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Discussion Starter #1
For discussion sake, let's assume you've found the bike of your dreams and want to keep it forever. The bike's rolling chassis is 100% good and the fuel injected engine only has 15,000 miles. What work other than the
normal maintainence could be expected to keep her running "forever"?
Examples of high mileage bikes's and your experience keeping it going
would be welcome.
 

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Panigaliscious
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First thing you should do is assemble as many special tools and information as you can, preferrably when the bike is newer and there are many sources available.

Many parts in 20 years will also be nearly impossible to find. Case in point is brake rebuild kits for my 851, they simply don't exist and the "crossover" kits also do not work (ask me how I know). So make a list of everything rubber on the bike and buy two of each: seals, grommets, little caps and doodads you don't think about now but will be impossible to find later. Store carefully in a climate-controlled environment.

Bodywork will also be in short supply someday, but likely dirt cheap 2 years from new on Ebay. So buy a set and stick it in your garage loft. Also a good idea to buy a spare used ECU just in case. If you never need any of these things they will be worth a small fortune later on if the bike is a collectible.

Ironically things like camshafts and pistons will be around a long time. Metal sits unchanged for much longer than plastic or rubber will. Custom piston kits can be made (for a substantial fee) if the worst happens.

Definitely get a cover for the bike and use it. Same with front and rear stands. Buy the best chain and sprockets you can find and keep them in top condition, a broken chain will quickly render a bike useless junk. Use a battery tender with an AGM battery. Convert to synthetic oil, ride to your heart's content.
 

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one of my customers has a vfr800 thats done 280,000 miles and so far major work has consisted of a cylinder head gasket and a complete clutch he changes the oil every 4000 miles and has run it on motul 300v since he bought it new.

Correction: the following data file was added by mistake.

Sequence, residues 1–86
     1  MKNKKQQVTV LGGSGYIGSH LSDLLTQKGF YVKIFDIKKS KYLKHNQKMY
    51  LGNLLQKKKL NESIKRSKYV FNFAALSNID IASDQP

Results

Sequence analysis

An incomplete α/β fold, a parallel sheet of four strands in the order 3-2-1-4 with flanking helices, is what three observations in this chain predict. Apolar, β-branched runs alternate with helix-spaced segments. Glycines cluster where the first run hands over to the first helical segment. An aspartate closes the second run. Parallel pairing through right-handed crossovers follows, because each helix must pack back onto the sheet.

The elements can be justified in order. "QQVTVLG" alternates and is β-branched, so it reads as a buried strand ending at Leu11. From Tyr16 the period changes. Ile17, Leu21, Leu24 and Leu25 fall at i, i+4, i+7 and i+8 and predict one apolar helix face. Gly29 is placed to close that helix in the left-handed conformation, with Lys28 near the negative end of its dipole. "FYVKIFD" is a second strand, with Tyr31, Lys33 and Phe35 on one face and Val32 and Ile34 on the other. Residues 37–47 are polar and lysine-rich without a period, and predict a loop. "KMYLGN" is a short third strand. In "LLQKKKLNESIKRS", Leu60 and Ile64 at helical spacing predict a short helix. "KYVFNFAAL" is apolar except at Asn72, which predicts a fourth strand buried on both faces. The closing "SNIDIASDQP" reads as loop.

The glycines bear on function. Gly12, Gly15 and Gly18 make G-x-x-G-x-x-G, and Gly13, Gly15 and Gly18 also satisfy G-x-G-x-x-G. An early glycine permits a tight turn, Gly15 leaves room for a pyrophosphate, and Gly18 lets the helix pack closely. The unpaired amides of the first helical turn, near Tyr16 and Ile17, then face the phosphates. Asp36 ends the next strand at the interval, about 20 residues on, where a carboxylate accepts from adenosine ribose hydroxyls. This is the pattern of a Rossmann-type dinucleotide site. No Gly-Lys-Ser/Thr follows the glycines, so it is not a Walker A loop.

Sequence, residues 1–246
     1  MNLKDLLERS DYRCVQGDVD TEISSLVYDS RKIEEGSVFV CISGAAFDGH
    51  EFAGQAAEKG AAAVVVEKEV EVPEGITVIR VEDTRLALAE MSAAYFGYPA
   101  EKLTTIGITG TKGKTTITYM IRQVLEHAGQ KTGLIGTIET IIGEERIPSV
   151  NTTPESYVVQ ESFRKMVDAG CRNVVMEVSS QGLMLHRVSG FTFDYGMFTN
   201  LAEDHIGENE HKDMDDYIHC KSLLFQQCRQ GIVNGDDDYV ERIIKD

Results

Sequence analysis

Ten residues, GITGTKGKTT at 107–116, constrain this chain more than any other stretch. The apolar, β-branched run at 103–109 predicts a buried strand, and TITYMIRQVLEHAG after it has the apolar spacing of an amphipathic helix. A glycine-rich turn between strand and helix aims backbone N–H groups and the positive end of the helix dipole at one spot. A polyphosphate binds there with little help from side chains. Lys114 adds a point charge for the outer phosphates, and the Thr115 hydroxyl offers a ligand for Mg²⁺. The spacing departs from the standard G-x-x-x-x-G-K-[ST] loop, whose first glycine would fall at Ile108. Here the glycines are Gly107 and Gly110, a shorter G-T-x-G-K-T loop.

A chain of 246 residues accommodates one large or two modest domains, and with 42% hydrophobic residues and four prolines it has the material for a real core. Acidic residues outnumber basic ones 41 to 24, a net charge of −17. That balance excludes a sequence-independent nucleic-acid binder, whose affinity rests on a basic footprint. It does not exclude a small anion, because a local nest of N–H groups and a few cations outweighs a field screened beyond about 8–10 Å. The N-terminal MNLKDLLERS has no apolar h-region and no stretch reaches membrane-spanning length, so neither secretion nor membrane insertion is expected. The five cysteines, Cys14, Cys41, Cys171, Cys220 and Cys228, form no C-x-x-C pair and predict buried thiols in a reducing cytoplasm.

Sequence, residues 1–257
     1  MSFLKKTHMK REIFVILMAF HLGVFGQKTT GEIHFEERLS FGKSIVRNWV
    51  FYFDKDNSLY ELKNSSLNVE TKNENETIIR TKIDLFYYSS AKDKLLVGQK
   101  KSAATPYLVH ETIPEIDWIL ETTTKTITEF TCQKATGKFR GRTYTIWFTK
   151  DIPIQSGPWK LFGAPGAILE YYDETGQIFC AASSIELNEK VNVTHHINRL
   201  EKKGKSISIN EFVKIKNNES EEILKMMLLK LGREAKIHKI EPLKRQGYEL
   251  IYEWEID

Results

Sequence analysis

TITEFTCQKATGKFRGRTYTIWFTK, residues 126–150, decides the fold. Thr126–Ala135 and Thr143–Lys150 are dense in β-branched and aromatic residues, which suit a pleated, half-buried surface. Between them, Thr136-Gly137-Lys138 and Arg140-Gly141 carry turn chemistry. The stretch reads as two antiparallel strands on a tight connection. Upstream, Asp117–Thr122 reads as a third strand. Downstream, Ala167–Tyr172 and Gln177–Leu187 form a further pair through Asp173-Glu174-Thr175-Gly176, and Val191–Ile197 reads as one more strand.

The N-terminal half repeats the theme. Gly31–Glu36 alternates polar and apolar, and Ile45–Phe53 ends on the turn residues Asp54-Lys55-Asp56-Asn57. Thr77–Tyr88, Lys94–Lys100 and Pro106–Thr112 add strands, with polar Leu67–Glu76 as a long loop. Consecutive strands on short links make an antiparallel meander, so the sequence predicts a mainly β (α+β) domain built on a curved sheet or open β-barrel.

you should never struggle getting obvious things like C&S kits brakes pads etc its only panel work that id keep in stock for something even down to the ecu there repairable
 

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V4 CyclePath...
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6,827 Posts
I've got over 50K miles on the bike of my dreams that I plan to keep forever and
for every hour of riding I preform about 5 hours of cleaning / maintenance and
mods... I not only want my prize to last but look new as well...

We all agree the most wear that happens in our engines during start up and
before warm up... its because our oil is too thick to properly lubricate our
engines so thats why I warm my engine up to 212º before I select first gear...
only at operating temp of 212º is my synthetic 0-30 Mobil 1 oil at its proper
viscosity of 10...

 

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This space for rent
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1,478 Posts
You should gather every magazine article you can find, start a file with drawings showing why your 15-20 year old bike is superior to the greatest bike on the Grand Prix grid. That way everybody will know when your groundhog day started and senility took over. :woot:
 

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First thing you should do is assemble as many special tools and information as you can, preferrably when the bike is newer and there are many sources available.

Many parts in 20 years will also be nearly impossible to find. Case in point is brake rebuild kits for my 851, they simply don't exist and the "crossover" kits also do not work (ask me how I know). So make a list of everything rubber on the bike and buy two of each: seals, grommets, little caps and doodads you don't think about now but will be impossible to find later. Store carefully in a climate-controlled environment.
If it's not Japanese.
 

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First thing you should do is assemble as many special tools and information as you can, preferrably when the bike is newer and there are many sources available.